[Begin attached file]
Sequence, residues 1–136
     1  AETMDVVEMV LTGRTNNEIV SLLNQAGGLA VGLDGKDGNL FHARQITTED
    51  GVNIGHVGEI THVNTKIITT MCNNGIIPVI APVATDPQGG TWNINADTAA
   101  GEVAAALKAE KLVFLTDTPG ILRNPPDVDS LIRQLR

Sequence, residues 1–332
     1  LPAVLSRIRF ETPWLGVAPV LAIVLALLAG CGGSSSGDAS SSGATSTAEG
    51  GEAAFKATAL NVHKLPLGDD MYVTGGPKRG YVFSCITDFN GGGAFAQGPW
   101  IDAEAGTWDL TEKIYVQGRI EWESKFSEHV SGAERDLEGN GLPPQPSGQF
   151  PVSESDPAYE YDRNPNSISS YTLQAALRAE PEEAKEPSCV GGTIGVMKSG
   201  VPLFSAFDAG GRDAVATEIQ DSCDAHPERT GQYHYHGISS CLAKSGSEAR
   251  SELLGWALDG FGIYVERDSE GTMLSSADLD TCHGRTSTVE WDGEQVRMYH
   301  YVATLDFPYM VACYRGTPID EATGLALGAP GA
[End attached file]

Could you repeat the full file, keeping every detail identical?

Sequence, residues 1–136
     1  AETMDVVEMV LTGRTNNEIV SLLNQAGGLA VGLDGKDGNL FHARQITTED
    51  GVNIGHVGEI THVNTKIITT MCNNGIIPVI APVATDPQGG TWNINADTAA
   101  GEVAAALKAE KLVFLTDTPG ILRNPPDVDS LIRQLR

Sequence, residues 1–332
     1  LPAVLSRIRF ETPWLGVAPV LAIVLALLAG CGGSSSGDAS SSGATSTAEG
    51  GEAAFKATAL NVHKLPLGDD MYVTGGPKRG YVFSCITDFN GGGAFAQGPW
   101  IDAEAGTWDL TEKIYVQGRI EWESKFSEHV SGAERDLEGN GLPPQPSGQF
   151  PVSESDPAYE YDRNPNSISS YTLQAALRAE PEEAKEPSCV GGTIGVMKSG
   201  VPLFSAFDAG GRDAVATEIQ DSCDAHPERT GQYHYHGISS CLAKSGSEAR
   251  SELLGWALDG FGIYVERDSE GTMLSSADLD TCHGRTSTVE WDGEQVRMYH
   301  YVATLDFPYM VACYRGTPID EATGLALGAP GA